The Flower Inn

copyright holder unknown2For men who work day and night, driven by the passion of their dreams, there is no time for the entertainments enjoyed by others.  For those employed in the behemoth projects underway at Froben’s presses, there are no pastimes such as the game of Loggats, in which a ball or some cheese-shaped object is thrown toward a group of quilles or skittles to knock them over.

figuresgamblingnatavern1670David Teniers

How ironic that the peasants, after their days of hard labor, have strength and time to play such games, but we men of supposed learning fall into the chairs before our suppers, almost too weary to eat.  And our minds, turned to stew by the exertions that have occupied them, have not capacity for chess or Karnöffel, such as the old men play in the corners of the inn.

16th century type--Moyen Canon RomainAlthough Froben’s hospitality knows no bounds, and he would feed us every meal, a few of us stroll each evening to the Flower Inn.  We seek to get away from the noise of the presses that, at any time, can be heard beyond and behind and beneath every wall, every thought.  We need to breathe something other than the scents of paper and ink and metal, though we bring those scents with us, seeped as they are into our clothes and hair.

We drop into our chairs, our eyes dry and weary, and I am so grateful to the stout alewife who sets the repast before us that I could kiss her workworn hand.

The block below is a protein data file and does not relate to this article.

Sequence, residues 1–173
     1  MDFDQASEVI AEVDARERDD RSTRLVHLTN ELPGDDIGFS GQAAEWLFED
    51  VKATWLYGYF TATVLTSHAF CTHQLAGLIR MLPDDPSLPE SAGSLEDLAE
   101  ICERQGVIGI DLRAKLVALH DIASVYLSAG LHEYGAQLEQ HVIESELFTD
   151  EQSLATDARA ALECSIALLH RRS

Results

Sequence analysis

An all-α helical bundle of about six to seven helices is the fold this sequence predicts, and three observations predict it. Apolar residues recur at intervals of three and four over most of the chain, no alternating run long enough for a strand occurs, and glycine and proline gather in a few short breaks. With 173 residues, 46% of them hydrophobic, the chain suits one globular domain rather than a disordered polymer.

Pellicanus by Asper--Kunsthaus ZürichAn evening here reminds me of those pleasant evenings spent at the Hog’s Snout with Zell, Fabri, Hubmaier, and the young monk, Michael.  My friend, Conradus Pellicanus, reminds me of Michael, the coarse wool of his monk’s habit contrasting with our finer academic robes, just as Michael’s did. Conrad is a Franciscan, but not only does he labor beside us on the editing and annotating, but he frequently eats with us at the inn, saying that he has missed the evening meal at the monastery.  I think he is a monk in heart, more than in rules and rituals, and for that I respect him all the more.

Bruno Amerbach, the oldest brother, is always here, though retiring Basilius is content to return to zum Kaiserstuh and eat with the servants.  Bruno reminds me of Matthew Zell, ready always to laugh, to twinkle his eyes at the women, to talk to every man who passes the table, whether peasant or burgher.  And having grown up in Basel, the son of a prominent printer, Bruno knows everyone.

And so, as if to reflect those days at the Hog’s Snout, I am joined by a quiet studious monk and a gregarious fellow.  And then, just as he was wont to do at the Hog’s Snout, Fabri arrives, always late, in a swirl of robes.

tongue2But there, the similarity ends.  For at the Hog’s Snout, we poor scholars dined on tripe or tongue, if we were lucky.  And there, to stretch her poor rations out to feed more starving students, the cook adulterated her flour with sawdust.

But here!  The Flower Inn offers accommodations for the traveler and even some local boarders. Bruno often says he may move here to get away from the presses at zum Kaiserstuh.  To this, Conrad raises his eyebrows, as if to say the innkeeper’s daughters should steer clear.  Bruno’s reputation from his Paris university days has followed him home.